The humidity ratio of the air leaving the collector is obtained using equation (4). With the conditions of air entering the rice bed now known, the equilibrium temperature can be obtained from equation (23). In the calculation of the equilibrium temperature, it is assumed that at the beginning of drying. the product has the temperature of ambient air. The equilibrium temperature t hen allows the equilibrium moisture content to be calculated. An average value of both the Chung-Pfost equation, equation (20), and the modified Henderson equation, equation (2 1). is used to obtain a better estimation for equilibrium moisture contenta6. The thin layer equation, equation (25). allows the moisture content of the product M,(t), at time t, to be calculated. The mass of moisture transferred from the rice to each kg of air passing through the dryer during the time increment can be obtained as be1ow:

The mass of water released by the rice and available for air to be removed per kg of air is given by equation (78) :

where M, , is the moisture content, m,d is the mass of dry rice and m is the mass of air

passing through the dryer during the time interval.

The mass of dry product can be calculated from:

mrd = m (1.0 – Mcw)

w here:

mrd = mass of dry rice, kg

m = mass of wet rice, kg

Mcw, = rice moisture content, wet basis, decimal

Now the humidity ratio of air leaving the bed is the sum of Au and humidity ratio of air entering the bed. However, air has a limited moisture carrying capacity. The maximum amount of moisture that one kg of air can remove is the difference between the saturated humidity ratio and the humidity ratio of that air at that temperature. Now as air passes through the rice bed, it cools down. The resulting temperature decrement can be found by equating the latent heat of vaporization from grain to the sensible heat change of drying air.

h’fg x ?? = Cd x ?T

where:

hfg = latent heat of vaporization, J/kg

Ca, = Specific heat capacity of air, J / kg.C

with air absorbing moisture it cools down, as it cools down its ability to absorb moisture decreases. Therefore an iterative solution procedure has to be used to find the mass of actual moisture removed. The moisture exceeds the actual value of moisture removed is assumed to be condensed back to the rice. In this procedure, Aw is calculated using equation (81). Equation (83) is then used to find the temperature decrement, ?T, If the calculated exit temperature indicated that the moisture content of the air in fact exceeds the saturation moisture content, a new value of ?? is guessed and the process is repeated until the conditions that give saturation at bed exit are found. With the actual value of the quantity ?? is known, a corrected moisture content of the rice is then calculated from equation (81).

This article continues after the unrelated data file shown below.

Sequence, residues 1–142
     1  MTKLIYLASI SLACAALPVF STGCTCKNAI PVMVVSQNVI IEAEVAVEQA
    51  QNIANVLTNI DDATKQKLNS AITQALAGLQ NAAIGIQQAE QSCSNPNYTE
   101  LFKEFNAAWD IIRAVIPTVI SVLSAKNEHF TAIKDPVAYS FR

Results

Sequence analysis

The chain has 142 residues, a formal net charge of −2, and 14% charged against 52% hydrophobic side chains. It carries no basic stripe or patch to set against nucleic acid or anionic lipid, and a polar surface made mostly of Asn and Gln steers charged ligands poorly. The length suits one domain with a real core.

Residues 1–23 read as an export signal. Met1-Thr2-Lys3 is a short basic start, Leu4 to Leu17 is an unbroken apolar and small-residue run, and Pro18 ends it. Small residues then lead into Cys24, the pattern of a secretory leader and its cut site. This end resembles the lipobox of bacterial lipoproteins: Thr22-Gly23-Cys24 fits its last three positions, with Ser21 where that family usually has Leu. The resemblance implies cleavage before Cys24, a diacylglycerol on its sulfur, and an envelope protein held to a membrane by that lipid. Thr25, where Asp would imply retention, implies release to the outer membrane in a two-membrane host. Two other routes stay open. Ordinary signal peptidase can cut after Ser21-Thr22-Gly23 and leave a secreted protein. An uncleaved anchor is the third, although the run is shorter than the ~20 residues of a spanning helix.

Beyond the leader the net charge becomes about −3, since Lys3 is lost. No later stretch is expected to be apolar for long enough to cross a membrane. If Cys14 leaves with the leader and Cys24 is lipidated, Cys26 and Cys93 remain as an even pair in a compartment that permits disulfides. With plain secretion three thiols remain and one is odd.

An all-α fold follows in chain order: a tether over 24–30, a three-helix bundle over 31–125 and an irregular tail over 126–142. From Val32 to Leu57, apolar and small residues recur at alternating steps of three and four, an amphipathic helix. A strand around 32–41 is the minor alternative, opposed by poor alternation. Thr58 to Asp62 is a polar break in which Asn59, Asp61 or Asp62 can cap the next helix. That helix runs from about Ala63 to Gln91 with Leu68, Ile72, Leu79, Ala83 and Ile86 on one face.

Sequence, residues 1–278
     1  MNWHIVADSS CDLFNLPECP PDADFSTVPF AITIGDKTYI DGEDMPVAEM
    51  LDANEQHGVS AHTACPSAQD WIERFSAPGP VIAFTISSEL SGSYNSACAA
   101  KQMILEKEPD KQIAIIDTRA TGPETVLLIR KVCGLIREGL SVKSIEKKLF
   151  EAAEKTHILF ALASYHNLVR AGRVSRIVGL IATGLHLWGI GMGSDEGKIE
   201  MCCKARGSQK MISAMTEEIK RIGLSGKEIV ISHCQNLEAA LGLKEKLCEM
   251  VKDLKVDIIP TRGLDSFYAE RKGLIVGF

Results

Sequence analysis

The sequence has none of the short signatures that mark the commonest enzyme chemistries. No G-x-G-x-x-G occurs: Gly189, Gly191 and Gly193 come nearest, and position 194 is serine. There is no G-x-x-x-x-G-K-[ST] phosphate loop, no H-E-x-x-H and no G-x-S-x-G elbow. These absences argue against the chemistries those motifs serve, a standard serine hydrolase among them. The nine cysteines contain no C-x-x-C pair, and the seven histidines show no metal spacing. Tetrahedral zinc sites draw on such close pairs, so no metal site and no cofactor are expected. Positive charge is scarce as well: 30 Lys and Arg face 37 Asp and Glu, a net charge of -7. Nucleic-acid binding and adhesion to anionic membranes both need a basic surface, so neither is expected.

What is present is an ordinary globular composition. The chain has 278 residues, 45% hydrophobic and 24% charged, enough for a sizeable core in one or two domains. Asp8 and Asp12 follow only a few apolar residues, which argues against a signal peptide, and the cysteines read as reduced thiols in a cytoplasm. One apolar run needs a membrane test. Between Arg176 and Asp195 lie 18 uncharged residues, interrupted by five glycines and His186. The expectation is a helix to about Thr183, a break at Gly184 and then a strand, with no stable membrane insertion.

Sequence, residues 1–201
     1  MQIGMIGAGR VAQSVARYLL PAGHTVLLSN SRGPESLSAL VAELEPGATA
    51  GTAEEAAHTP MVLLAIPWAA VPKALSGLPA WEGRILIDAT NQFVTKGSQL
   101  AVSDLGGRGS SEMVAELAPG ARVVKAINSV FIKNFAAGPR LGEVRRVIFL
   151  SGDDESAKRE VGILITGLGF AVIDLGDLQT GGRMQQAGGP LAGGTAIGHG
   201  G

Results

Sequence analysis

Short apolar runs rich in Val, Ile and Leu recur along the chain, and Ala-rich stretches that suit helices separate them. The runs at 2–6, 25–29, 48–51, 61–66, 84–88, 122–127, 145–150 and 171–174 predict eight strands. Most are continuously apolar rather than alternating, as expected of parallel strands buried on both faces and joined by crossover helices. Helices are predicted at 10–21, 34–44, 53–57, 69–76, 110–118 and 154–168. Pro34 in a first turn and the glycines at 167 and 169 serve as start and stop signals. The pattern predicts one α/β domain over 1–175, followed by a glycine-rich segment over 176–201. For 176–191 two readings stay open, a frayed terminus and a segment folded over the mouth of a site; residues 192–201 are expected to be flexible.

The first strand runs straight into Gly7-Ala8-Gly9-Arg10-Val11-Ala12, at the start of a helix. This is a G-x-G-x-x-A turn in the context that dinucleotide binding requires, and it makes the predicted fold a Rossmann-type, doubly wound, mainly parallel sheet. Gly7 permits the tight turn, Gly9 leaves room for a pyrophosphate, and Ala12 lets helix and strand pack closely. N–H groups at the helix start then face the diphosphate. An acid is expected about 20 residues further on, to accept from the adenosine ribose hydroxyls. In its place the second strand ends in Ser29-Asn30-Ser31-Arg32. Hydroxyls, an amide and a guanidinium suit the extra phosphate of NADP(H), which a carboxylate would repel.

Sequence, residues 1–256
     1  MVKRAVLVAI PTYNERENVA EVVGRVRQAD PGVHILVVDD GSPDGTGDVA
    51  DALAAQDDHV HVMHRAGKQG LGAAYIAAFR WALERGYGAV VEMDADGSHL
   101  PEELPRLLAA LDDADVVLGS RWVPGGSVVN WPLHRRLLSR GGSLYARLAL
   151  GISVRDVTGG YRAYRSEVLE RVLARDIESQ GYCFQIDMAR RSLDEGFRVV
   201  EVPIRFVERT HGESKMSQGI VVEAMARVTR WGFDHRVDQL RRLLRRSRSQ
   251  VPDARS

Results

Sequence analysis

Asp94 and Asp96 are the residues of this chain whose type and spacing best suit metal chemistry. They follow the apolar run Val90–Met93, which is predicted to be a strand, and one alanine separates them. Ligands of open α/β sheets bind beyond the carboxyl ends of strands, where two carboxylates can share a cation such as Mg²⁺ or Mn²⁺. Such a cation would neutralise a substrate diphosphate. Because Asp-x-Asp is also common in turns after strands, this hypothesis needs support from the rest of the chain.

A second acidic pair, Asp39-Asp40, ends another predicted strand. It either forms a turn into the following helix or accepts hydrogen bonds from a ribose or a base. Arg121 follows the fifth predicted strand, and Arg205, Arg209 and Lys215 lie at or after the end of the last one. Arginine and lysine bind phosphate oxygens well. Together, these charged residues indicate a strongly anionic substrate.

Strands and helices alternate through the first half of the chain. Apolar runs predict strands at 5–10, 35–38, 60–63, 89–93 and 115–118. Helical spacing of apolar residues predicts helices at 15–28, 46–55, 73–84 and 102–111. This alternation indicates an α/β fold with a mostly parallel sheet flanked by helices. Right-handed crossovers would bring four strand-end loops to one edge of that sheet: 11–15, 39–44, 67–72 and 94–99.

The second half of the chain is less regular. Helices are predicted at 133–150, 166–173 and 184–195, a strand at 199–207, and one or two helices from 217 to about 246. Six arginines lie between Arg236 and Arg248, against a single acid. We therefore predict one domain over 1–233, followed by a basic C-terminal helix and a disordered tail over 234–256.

2.2.15 The Equilibrium Moisture Content

The equilibrium moisture content, EMC , is the moisture content of a product that is in equilibrium with air at a particular mean dry-bulb temperature and relative humidity that would be attained by the grain over infinite time, at a constant value of air relative humidity and temperature. The equilibrium moisture content is expressed as a decimal on a dry basis. Several models, theoretical as well as empirical, have been suggested for the calculation of the EMC. The following Chung-Pfost and the rnodified Henderson equilibrium equationT4 applies well to product:

W here:

EMC~ = drying air equilibrium moisture content, dry basis, decimal

TE = the equilibrium temperature of drying air, Celsius

PHI = relative humidity of drying air, decimal

C, E, and F are equilibrium constants and have the following values for product.

C = 35.703

E = 0.29394

F = 0.046015

The equilibrium moisture content can also be expressed by the modified Henderson Equation:

The variation of the equilibrium moisture content for rice with relative humidity at

different temperatures .

2.2.16 Equilibrium Temperature of Drying Air

The drying process takes place at a temperature that is between the temperature of the

air entering the crop bed and that of the air exiting the dryer. The equilibrium temperature of drying air can be calculated by establishing a heat balance between the

initial conditions and the equilibrium conditions and assuming that the temperature of the equilibrium equals that of the grains and the humidity ratio at equilibrium equals that of drying air.

which gives:

where:

2.3.1 Heat Transfer Coefficient

Heat is transferred from the absorber plate to the air by convection. In order to calculate the heat transfer coefficient between the plate and air, the character of the flow must be determined as turbulent or laminar. The heat transfer coefficient can be calculated from the following relationship:

where:

NUL= average Nusselt number based on the length of collector

k = thermal conductivity of air, W/m.K

L = characteristic length of the system (taken as the length of the collector)

For natural convection laminar flow, h e Nusselt number can be calculated from the following relationship:

For forced convection laminar flow:

where :

Pr = Prandtl number

ReL = Reynolds number based on the length of the collector

The above equation can be rewritten in the form the heat transfer coefficient for forced convection laminar flow can then be expressed as:

It is important to keep in mind that the above relations are valid for Pr > 0.1 which is the case for air.

3.2 COMPUTATIONAL PROCEDURE

The following flowchart is programmed using Excel Spreadsheet. Next tables represent the inputs and the outputs for the simulation model.

3. Experimental procedures

The hybrid solar dryer consists of the following components: